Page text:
Aug. 29, 2014

When the largest quake to hit Northern California since 1989 struck just south of Napa in the early morning of Aug. 24, its epicenter was less than 2 miles from Napa County Airport (APC), but the airfield stayed open and provided a critical staging area for disaster response.

“It was a busy weekend, and the ramp and hangars were full, but we had triple-chocked the aircraft and luckily none moved or sustained damage,” said Mark Willey, CEO of Napa Jet Center, the FBO on the airfield. “Everyone, including our charter flights, was able to fly out on schedule.”

The fuel farm, which is above ground, never lost power, and the FBO offices and the terminal were quickly running off backup generators.

The earthquake shattered the windows in the tower, putting it temporarily out of service, but operations are continuing with radio clearances from nearby Oakland Center. “It’s just like coming into any uncontrolled general aviation (GA) airport, or coming into this airport at night,” said Willey.

There is already a contractor on-site repairing the tower, and airport authorities have set up a temporary tower on the airfield, which should be operational during the first week of September.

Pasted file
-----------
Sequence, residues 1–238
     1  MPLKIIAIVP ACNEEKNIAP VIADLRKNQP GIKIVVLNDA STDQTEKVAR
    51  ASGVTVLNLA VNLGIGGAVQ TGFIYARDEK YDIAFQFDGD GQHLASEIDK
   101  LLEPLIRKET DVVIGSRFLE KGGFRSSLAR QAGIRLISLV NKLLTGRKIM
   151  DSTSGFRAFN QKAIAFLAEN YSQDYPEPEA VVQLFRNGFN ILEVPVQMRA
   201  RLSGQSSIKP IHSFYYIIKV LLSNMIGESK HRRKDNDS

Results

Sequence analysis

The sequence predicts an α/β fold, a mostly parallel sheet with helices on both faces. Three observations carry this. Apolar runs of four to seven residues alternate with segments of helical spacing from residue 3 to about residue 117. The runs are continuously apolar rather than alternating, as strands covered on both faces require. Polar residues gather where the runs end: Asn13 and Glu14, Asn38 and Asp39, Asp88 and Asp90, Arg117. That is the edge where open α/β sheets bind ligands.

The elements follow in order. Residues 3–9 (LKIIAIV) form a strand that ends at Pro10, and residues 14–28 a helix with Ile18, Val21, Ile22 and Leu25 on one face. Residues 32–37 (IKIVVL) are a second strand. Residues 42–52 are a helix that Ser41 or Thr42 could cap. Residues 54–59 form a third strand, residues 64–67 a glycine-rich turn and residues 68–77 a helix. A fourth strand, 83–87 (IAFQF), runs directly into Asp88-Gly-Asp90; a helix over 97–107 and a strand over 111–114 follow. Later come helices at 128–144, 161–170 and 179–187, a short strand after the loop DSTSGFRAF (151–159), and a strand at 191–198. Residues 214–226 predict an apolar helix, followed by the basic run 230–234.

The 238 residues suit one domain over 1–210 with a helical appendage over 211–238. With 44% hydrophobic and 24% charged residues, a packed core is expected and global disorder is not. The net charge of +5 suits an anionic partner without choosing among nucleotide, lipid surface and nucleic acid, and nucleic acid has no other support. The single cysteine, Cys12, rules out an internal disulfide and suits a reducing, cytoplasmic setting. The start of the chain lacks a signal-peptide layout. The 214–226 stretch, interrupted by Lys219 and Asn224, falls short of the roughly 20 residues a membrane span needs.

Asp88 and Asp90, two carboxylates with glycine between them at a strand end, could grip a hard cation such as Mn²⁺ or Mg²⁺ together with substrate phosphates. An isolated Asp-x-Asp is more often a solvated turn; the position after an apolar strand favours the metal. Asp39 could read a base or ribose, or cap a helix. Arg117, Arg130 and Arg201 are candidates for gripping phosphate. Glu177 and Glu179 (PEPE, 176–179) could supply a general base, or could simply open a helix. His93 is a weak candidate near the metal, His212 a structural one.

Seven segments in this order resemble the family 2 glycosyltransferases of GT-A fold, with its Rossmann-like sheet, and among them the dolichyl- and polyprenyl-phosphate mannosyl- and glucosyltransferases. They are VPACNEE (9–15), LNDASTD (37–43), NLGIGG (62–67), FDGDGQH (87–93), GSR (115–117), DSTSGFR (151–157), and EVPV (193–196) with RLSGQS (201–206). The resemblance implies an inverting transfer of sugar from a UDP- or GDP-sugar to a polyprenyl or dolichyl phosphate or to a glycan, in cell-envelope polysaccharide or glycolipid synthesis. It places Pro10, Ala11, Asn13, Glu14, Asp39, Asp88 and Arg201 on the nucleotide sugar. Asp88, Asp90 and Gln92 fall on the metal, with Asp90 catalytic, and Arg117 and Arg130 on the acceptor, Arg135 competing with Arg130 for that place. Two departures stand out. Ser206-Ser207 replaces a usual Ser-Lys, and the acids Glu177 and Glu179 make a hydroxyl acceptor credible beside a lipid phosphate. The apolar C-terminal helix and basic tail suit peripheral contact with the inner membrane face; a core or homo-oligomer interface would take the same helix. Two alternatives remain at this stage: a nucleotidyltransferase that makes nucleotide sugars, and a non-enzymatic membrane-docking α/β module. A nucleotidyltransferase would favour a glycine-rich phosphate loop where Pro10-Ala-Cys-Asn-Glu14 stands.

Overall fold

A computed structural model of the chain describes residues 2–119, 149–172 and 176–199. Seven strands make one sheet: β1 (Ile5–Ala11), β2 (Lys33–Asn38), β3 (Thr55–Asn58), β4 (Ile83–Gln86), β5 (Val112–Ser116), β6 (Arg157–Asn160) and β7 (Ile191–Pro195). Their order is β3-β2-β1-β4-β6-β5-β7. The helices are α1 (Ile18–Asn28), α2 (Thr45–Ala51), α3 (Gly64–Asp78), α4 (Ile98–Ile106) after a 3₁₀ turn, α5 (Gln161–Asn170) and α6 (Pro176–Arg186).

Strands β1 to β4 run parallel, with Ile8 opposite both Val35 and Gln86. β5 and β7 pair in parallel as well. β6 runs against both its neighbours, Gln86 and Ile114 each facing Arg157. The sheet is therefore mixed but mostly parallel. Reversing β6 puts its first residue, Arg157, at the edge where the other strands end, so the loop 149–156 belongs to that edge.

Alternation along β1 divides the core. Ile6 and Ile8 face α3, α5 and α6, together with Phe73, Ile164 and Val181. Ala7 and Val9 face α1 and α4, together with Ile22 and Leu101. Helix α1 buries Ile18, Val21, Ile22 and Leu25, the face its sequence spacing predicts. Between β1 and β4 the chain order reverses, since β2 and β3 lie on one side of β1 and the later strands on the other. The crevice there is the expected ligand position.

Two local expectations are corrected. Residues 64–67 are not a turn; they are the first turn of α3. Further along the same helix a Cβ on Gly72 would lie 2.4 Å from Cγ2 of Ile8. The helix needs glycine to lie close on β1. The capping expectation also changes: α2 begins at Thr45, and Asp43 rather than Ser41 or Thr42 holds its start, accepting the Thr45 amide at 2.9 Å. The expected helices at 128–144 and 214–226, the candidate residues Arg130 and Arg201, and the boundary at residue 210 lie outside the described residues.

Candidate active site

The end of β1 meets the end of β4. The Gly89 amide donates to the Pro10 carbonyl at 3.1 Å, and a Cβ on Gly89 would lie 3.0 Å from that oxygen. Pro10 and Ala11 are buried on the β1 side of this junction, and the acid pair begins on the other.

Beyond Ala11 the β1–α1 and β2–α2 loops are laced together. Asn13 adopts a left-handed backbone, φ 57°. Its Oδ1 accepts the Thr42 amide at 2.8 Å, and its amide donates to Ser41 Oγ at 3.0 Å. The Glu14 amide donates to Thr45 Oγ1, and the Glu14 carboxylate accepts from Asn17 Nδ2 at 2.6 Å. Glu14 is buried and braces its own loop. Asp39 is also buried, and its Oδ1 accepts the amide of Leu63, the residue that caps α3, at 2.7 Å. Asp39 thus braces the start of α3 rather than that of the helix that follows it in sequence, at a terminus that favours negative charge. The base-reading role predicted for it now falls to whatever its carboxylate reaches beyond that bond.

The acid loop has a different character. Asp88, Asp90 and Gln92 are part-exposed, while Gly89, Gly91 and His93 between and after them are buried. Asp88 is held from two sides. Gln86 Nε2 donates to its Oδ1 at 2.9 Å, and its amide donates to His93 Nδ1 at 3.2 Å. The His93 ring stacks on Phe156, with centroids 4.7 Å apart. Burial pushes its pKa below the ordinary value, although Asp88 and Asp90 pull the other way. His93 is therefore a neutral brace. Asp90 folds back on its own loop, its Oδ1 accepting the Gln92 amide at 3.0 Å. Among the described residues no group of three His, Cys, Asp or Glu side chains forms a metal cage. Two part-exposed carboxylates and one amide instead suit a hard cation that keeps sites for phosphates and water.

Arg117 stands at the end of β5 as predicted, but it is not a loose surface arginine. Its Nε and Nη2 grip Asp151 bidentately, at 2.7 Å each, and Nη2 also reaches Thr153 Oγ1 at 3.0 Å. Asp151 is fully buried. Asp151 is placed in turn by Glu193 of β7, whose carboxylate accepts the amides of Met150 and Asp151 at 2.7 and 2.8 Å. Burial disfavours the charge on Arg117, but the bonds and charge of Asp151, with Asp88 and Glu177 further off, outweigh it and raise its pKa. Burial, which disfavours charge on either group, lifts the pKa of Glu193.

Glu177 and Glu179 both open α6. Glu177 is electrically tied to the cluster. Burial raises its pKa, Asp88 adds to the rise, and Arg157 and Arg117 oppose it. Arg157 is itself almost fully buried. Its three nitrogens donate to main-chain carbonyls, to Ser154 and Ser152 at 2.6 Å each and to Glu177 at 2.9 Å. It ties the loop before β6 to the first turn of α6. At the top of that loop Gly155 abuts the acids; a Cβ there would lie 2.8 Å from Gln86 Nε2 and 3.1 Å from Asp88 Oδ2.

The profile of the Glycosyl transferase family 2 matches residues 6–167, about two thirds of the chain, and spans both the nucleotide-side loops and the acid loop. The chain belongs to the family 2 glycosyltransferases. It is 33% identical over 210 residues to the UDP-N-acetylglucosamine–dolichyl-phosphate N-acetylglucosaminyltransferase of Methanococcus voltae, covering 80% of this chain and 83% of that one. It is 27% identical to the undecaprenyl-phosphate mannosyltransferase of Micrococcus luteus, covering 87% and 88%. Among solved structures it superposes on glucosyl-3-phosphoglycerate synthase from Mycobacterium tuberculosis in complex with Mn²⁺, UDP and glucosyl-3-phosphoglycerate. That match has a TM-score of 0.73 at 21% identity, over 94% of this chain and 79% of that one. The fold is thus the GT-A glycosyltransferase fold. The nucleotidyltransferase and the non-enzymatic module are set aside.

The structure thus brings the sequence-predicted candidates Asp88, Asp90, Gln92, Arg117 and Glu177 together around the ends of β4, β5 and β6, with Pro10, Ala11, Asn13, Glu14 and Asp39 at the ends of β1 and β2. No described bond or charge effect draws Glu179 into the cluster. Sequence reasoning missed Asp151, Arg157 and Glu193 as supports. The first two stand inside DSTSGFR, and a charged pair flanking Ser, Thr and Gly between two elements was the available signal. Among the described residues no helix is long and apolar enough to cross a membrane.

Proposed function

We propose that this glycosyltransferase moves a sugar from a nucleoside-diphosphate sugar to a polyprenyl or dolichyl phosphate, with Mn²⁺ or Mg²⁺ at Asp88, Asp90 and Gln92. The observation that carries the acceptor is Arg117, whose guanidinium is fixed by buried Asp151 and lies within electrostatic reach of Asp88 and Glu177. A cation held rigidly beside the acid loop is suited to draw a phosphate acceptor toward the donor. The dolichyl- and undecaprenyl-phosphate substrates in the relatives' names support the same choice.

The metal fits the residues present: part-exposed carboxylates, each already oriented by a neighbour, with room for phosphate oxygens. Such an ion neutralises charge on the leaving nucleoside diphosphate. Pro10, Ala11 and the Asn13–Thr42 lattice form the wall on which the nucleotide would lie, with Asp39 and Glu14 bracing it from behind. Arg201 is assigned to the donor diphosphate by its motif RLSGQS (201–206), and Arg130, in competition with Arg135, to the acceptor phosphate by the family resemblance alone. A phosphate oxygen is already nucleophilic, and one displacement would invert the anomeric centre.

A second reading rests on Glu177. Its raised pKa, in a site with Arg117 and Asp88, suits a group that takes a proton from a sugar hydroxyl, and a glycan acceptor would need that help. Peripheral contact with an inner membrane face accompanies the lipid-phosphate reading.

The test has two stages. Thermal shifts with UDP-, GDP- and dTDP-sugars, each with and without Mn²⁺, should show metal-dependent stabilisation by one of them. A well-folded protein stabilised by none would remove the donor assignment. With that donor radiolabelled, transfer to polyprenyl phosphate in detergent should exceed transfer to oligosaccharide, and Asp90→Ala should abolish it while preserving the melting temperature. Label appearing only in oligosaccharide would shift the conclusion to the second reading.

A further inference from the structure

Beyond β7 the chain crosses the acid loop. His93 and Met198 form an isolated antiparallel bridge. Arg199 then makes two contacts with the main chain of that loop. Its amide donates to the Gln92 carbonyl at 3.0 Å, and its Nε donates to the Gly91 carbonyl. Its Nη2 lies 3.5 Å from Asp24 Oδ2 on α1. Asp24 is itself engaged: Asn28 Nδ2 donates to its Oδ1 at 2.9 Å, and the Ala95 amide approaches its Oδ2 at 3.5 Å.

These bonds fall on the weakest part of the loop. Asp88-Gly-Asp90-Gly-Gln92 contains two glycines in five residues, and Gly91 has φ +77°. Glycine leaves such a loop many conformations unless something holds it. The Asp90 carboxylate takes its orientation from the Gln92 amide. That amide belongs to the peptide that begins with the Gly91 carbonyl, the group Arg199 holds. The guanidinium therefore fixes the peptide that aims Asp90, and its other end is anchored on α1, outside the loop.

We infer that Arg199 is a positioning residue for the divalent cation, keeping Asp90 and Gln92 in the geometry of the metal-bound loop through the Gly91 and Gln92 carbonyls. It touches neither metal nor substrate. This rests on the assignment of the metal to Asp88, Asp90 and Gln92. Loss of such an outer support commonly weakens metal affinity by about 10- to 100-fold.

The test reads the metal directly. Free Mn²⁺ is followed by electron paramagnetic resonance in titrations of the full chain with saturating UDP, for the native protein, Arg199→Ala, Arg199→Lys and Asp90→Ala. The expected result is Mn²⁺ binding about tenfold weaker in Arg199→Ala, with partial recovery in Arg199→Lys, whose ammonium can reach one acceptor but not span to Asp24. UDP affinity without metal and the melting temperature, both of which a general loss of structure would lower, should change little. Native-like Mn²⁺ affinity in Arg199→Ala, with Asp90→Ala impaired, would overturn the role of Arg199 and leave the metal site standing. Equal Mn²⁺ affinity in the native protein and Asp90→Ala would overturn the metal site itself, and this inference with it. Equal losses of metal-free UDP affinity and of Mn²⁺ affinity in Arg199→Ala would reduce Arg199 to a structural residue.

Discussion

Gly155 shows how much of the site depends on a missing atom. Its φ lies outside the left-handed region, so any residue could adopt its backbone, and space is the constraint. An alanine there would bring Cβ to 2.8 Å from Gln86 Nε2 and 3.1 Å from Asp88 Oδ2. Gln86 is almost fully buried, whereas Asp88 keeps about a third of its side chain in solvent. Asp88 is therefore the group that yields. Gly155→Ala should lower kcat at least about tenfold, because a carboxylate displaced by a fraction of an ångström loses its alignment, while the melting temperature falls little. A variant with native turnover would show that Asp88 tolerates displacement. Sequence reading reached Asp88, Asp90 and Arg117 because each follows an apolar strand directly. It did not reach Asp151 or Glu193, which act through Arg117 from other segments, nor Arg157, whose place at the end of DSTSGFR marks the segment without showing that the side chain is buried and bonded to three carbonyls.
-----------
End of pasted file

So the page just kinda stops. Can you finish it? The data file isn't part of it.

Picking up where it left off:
“This earthquake actually showed how a GA airport can be much more than a GA airport during a disaster,” said Willey. “The California governor’s Office of Emergency Services flew in on helicopters and set up in our offices and the main terminal. We have a lot of space on this airfield, so PG&E [Pacific Gas & Electric] has also been using it as a mobile command center for disaster response.”

About three months before the quake, Napa Jet Center, the Napa County Airport manager’s office, Cal Fire and the control tower staff held a tabletop exercise of the FBO’s emergency response plan. “That helps you be prepared, when you’re training and working together on your safety management system,” said Willey.

Operations at the airport the week after the quake were still about 50 percent below normal summer volume, mainly due to visitors postponing trips, but Willey reported that traffic has been picking up recently.

“Within minutes of the quake, at 3:30 a.m., our local first responders were at work,” said Willey. “On [Aug. 24] and since, everyone in the business aviation community has reached out to us, from our neighbors at Sonoma Jet Center to colleagues on the East Coast. That’s what this industry is all about.”